So right before I made my trip to Dresden for the weekend I spent all of Thursday in the Studio. Waiting to get a drill (may have to buy one at this point) I started to make a few ink drawings… In the photo is my one sketch laying on and in front of the structure I will be assembling on Tuesday.
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Walking around Dresden surrounded by some pretty amazing architecture.
“Memory is never fully accessible” -Anish Kapoor
As soon as I posted yesterday Hellwag arrived with my supplies. Check out the page “My Work” to see the progress of what’s going on in the studio.
Sorry that the post have been a little slow the past few weeks. We moved into the studio this past week and have been busy working. Currently, I am waiting for Hellweg (like Lowes) to bring me wood… So in the next few posts I’ll fill you in with the shows, galleries, and traveling I’ve been doing.
So over the past few weeks I’ve ben running around doing multiple things… went to the Reichstag building , Treptower park, Mauerpark flea market, saw an awesome electronic art show in Mitte, as well as Anish Kapoor’s show at the Martin-Gropius-Bau. This coming weekend I’ll be traveling a bit south to stay in Dresden and check out what that city has to offer.
Walking around Berlin if you look down at the cobblestone sidewalks you can discover a lot. One of the first things that was pointed out to me was the tiny brass plate that laid among the cobblestone.
These brass plates sat outside of different buildings but not all of them, or even within sight of each other. The squares were part of artist GunterDemnig’s piece was called “Stolpersteine,” or stumbling stones. These were the markers, a memorial in front of the homes of people who were killed during the Holocaust. Each holds information of the person who resided in the house: Their name,birth year, date of capture, camp taken to, and death (if found). In Berlin, about 55,000 people were taken and killed in the Holocaust, there are some 2,800 brass tiles marking the dead in various parts of the city.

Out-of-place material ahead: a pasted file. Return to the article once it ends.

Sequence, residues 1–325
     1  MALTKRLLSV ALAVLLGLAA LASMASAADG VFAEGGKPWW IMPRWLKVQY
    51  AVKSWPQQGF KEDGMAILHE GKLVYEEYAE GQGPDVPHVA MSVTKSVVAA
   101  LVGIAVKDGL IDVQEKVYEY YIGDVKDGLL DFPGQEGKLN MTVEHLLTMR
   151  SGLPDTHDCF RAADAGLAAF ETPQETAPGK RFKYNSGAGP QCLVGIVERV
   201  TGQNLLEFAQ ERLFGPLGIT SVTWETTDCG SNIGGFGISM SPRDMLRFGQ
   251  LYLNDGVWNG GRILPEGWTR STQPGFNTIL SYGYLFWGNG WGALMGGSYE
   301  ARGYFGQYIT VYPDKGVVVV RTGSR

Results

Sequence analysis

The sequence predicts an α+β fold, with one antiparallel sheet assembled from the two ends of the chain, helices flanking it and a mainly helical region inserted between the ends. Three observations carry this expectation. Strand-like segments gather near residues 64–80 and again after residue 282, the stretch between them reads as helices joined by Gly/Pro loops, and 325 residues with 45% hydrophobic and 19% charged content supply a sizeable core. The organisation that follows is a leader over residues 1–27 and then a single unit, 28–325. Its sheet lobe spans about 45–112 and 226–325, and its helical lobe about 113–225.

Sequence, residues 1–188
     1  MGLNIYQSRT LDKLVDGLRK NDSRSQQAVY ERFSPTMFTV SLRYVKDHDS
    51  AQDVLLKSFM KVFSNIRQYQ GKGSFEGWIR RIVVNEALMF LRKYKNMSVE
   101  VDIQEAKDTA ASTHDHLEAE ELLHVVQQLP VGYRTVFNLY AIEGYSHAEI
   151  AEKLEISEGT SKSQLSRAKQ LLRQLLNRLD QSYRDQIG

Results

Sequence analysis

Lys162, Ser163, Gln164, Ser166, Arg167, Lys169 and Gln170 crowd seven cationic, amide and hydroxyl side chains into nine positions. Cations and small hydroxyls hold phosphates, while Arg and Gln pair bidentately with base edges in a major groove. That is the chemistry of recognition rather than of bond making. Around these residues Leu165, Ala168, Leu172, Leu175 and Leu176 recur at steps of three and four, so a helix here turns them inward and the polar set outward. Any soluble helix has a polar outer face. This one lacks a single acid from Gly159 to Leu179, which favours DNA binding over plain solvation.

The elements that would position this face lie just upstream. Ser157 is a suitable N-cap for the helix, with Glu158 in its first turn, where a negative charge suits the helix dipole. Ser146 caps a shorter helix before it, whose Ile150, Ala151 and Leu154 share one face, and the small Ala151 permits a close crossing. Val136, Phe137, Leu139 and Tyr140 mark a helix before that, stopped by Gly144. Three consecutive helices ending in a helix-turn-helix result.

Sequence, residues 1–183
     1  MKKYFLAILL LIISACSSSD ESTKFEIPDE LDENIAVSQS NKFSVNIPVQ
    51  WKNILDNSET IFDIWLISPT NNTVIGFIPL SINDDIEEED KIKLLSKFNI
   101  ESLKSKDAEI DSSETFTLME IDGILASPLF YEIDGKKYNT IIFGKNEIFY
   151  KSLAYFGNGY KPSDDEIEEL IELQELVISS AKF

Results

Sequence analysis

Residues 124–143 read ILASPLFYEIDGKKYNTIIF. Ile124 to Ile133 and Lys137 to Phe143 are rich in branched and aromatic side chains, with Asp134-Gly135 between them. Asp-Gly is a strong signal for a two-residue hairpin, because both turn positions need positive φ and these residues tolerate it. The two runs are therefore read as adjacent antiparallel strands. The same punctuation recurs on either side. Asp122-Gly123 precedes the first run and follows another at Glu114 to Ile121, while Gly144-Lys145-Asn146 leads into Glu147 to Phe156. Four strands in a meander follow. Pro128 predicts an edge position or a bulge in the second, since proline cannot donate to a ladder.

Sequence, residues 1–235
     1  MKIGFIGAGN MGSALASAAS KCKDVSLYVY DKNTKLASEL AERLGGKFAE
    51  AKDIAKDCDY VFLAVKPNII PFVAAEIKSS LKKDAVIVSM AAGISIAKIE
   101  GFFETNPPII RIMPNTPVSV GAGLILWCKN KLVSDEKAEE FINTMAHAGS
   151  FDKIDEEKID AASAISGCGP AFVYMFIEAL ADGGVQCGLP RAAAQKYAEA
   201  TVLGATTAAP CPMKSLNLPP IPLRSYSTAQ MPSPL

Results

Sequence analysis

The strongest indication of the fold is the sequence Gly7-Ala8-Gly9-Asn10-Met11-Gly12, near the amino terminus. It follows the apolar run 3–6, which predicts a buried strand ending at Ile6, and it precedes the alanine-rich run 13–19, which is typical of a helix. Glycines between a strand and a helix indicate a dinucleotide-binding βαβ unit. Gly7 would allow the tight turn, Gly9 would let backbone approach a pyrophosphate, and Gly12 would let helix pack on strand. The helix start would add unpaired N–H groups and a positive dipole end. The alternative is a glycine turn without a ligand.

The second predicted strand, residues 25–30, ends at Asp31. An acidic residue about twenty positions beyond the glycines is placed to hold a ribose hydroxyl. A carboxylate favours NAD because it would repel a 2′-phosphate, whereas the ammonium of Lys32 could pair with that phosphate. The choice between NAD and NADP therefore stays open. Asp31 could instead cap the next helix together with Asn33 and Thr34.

In 1996, Demnig placed is his brass plaque illegally in Berlin. What started as an independent art project has now become something of a social movement. Though this idea started in Berlin Demnig has legally installed this stumbling stones in various cities.
“The victims get back a piece of their identity and at the same time, every personal stone is also meant as a symbol for the entirety of all victims…”
“It’s a social sculpture and if you look at it as a whole, it is the biggest art monument in the world.”
As I continue to walk throughout Berlin I find myself trying to spot these small brass plates.
Check out this project and learn more about it www.stolpersteine.com